In light of the recent announcement by the Malaysian Minister of Entrepreneur Development that the technology required for a flying car prototype is already locally available, as well as the unveiling of a scale model of the Vector “point-to-point air transportation system” at the Langkawi International Maritime and Aerospace 2019 (“LIMA ’19”) exhibition coupled with the statement that a prototype of the Vector is slated to be ready to fly as early as June 2019, social and mass media are abuzz with the possible entrance of air mobility systems into the consumer market, which is especially alluring in areas with heavy traffic congestion.
The United States’ National Aeronautics and Space Administration defines air mobility as a safe and efficient system for air passenger and cargo transportation, inclusive of small package delivery and other urban Unmanned Aerial Systems (“UAS”) services, that supports a mix of onboard/ground-piloted and increasingly autonomous operations. Based on this definition, air mobility thus includes both manned and unmanned aerial systems. Thus, notwithstanding the myriad of nomenclatures used to describe such mode of transportation, it can be seen that should the “point-to-point air transportation system” or “flying car” concept come to fruition, the resulting vehicle will fall under the category of air mobility systems.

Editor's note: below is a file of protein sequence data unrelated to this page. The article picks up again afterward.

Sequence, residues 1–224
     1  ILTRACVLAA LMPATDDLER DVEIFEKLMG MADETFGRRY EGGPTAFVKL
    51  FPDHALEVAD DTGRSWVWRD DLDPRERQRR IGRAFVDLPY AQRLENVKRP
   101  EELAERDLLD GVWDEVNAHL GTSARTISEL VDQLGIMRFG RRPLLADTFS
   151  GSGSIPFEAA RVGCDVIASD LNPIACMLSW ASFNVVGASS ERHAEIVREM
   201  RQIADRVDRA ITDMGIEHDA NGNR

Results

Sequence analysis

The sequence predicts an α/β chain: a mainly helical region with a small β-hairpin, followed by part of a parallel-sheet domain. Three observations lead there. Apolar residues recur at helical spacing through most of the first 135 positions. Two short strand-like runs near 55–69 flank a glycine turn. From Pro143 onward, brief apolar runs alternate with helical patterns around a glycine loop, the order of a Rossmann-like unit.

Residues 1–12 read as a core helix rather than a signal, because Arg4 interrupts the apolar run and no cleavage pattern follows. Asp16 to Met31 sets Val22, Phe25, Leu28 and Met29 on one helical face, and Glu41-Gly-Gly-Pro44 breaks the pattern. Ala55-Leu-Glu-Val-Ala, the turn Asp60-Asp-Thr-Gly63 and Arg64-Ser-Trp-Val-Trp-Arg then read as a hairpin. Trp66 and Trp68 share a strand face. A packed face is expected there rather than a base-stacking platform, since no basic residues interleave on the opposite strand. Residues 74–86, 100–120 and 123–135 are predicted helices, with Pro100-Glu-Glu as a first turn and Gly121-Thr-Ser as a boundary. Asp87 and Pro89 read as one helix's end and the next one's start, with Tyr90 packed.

Notwithstanding pre-existing civil aviation, in light of the novelty of air mobility systems in Malaysia, there are some short-term challenges and constraints faced by such systems. (Refer Table 1). Absent or inadequate laws and regulations are among the challenges and constraints faced by air mobility as a concept. That being said, it is humbly submitted that there are no laws and regulations expressly enacted in relation to air mobility, especially of the manned variety, per se at the time of writing.
However, it may also be the case that the pre-existing Malaysian legal framework may sufficiently encompass the entire scope of operations of air mobility systems. First and foremost, it is pertinent to determine what air mobility systems or point-to-point air transportation systems are likely to be viewed as in the eyes of Malaysian law as it currently is.
Section 3 of the Interpretation Acts 1948 and 1967 provides that “aircraft” includes every description of craft used in aerial navigation, which admittedly is a very broad definition. Reference can subsequently be made to the First Schedule of the Civil Aviation Regulations 2016 (“CAR”), which provides for a general classification of aircraft as follows: